Every year, I write to honor my sister, Terri Schiavo, on March 31st, the anniversary of her death, and reflect on the state of our nation when it comes to the treatment of our medically vulnerable.
For those who do not remember, Terri, at the age of 26, experienced a still unexplained collapse while at home alone with her husband, Michael Schiavo, which resulted in a severe brain injury. Despite widespread characterizations that suggested she was near death in the years after her injury, Terri was not dying, and did not suffer from any life-threatening disease. She was neither on machines, nor was she “brain dead.”
Sadly, after a few years of caring for Terri, Michael, who was Terri’s guardian, lost interest in his brain injured, but otherwise healthy, young wife, and eventually petitioned the courts for permission to deliberately starve and dehydrate her to death.
On the order of Judge George W. Greer, Terri was deprived of water and food, and after 13 days, she died on March 31st, 2005 of severe dehydration.
We commemorate “Terri’s Day” each spring to honor her memory and pray for all of our medically vulnerable brothers and sisters. This year, EWTN is commemorating “Terri’s Day” on April 7th through an internationally televised mass with Archbishop Charles J. Chaput, followed by a special interview with Fr. Mitch Pacwa, the Archbishop, and me.
The Network’s Impact
In response to Terri’s death, my family established the Terri Schiavo Life & Hope Network to advocate for medically vulnerable persons. Since the Network’s founding, we’ve been honored to have helped more than 2,500 patients and families access the advocates and resources they need to fight in their time of crisis.
Too often, medically vulnerable persons face having their basic care denied, as rising health care cost, and a “quality of life” mentality continue to influence the care they receive.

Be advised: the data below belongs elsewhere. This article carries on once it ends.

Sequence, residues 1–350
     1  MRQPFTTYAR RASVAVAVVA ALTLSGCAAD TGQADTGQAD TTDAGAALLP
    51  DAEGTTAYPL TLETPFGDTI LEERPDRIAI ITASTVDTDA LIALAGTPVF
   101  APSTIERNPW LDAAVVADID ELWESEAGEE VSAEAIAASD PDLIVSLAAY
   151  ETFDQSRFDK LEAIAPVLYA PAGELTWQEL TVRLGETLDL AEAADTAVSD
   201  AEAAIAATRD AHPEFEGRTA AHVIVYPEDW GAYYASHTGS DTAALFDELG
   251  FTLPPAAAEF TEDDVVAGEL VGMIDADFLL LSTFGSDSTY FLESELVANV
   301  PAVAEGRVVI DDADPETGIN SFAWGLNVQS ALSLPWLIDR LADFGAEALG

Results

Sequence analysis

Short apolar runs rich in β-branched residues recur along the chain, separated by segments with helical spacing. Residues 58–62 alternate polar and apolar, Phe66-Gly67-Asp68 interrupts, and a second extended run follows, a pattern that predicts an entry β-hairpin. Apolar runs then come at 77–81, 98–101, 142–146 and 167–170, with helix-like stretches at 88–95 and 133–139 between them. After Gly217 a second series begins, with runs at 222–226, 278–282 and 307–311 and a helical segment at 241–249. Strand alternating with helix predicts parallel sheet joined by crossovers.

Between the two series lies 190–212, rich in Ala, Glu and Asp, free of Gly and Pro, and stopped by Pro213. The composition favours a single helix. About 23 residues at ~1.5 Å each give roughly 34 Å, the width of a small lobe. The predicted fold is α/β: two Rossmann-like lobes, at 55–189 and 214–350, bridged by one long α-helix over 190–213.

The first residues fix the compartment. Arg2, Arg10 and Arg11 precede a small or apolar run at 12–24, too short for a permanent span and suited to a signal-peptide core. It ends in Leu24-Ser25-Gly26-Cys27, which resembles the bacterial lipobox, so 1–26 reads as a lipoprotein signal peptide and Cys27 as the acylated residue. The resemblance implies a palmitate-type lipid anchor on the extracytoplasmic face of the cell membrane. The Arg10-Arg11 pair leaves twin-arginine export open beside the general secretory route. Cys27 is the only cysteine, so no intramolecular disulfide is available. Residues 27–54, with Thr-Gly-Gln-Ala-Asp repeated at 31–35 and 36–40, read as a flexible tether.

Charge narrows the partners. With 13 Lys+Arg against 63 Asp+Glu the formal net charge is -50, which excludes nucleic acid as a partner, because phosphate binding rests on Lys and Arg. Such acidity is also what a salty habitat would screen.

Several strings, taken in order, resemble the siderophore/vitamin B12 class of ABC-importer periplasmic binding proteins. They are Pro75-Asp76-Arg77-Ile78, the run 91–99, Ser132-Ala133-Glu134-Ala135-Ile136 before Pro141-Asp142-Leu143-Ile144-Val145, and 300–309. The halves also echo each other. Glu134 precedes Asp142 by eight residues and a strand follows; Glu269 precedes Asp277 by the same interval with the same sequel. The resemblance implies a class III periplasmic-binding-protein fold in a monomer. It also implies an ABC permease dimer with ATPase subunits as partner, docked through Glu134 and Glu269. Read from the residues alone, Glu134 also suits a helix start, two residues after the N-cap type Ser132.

It’s not coincidental that every year since the Network’s founding, calls to our 24/7 Crisis Lifeline increase. Worse than the calls themselves is the nature of so many of them.
One example is the recent case of Tabetha Long, a young woman who experienced cardiac arrest that resulted in an anoxic brain injury. Tabetha’s doctors were optimistic with her initial test results having varying degrees of responsiveness.
Incredibly—and what is still difficult to explain—her mother, who was making her medical treatment decisions, admitted her daughter into hospice where, subsequently, her food and water were stopped. Instead of the chance for rehabilitation, she was denied food and water.
Thankfully, Tabetha’s boyfriend began asking questions, and we were able to identify a supportive attorney for Tabetha who convinced courts to intervene, remove Tabetha from hospice, and restore her food and water. Since then, she has been discharged and is now living at home.
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In many respects, Tabetha’s case is not unique. It underscores the way that politicized language can obscure and mislead, rather than speak to the truth of someone’s situation.
Life-Affirming Care, Threatened by Politicized Language
Phrases like “quality of life,” and “end of life” are often used to justify the stoppage of basic rehabilitation. Often, “end of life” issues are better described simply as “life” issues. The types of patients we assist are often facing what others describe as “end of life” issues, not because they are actively dying, but because someone is actively trying to end their life through denial of care, as we saw in Tabetha’s situation.